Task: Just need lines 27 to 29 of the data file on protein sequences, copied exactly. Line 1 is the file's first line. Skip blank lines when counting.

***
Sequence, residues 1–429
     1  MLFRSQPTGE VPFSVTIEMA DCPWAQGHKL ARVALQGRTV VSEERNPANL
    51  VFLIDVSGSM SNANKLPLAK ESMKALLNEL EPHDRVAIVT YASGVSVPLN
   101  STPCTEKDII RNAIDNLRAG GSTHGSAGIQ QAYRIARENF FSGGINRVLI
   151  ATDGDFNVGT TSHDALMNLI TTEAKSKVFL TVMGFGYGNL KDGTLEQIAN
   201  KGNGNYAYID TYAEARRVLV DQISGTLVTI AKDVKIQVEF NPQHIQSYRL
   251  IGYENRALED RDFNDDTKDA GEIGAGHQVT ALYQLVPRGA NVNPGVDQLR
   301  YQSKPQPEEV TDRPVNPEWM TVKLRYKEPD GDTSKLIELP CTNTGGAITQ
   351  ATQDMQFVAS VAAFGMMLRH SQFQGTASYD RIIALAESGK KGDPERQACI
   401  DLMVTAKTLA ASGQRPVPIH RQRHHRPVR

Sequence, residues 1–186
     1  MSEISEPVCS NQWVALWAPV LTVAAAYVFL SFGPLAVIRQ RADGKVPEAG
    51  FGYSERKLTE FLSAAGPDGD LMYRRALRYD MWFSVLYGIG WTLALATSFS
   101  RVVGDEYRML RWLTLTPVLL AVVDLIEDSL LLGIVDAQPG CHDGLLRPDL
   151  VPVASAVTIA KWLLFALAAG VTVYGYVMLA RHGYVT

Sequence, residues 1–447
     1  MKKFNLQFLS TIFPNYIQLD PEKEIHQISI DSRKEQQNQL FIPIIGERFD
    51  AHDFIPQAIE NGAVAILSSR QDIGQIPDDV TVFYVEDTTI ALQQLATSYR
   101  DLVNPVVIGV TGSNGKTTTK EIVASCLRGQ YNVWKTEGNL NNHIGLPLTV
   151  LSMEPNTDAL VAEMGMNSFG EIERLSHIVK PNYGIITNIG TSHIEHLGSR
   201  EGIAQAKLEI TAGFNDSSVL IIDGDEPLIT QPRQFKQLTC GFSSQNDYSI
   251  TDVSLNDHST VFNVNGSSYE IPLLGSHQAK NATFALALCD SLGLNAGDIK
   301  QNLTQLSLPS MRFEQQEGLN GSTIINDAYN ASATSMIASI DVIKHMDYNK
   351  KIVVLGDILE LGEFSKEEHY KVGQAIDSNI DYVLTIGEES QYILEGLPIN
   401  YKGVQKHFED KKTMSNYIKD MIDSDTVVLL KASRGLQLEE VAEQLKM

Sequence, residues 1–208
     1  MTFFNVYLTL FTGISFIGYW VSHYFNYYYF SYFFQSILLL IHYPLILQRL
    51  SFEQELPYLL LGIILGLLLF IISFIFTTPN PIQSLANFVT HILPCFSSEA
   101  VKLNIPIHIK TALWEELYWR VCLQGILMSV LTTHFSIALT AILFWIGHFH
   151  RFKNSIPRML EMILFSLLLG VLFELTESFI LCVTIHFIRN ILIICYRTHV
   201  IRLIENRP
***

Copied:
     1  MTFFNVYLTL FTGISFIGYW VSHYFNYYYF SYFFQSILLL IHYPLILQRL
    51  SFEQELPYLL LGIILGLLLF IISFIFTTPN PIQSLANFVT HILPCFSSEA
   101  VKLNIPIHIK TALWEELYWR VCLQGILMSV LTTHFSIALT AILFWIGHFH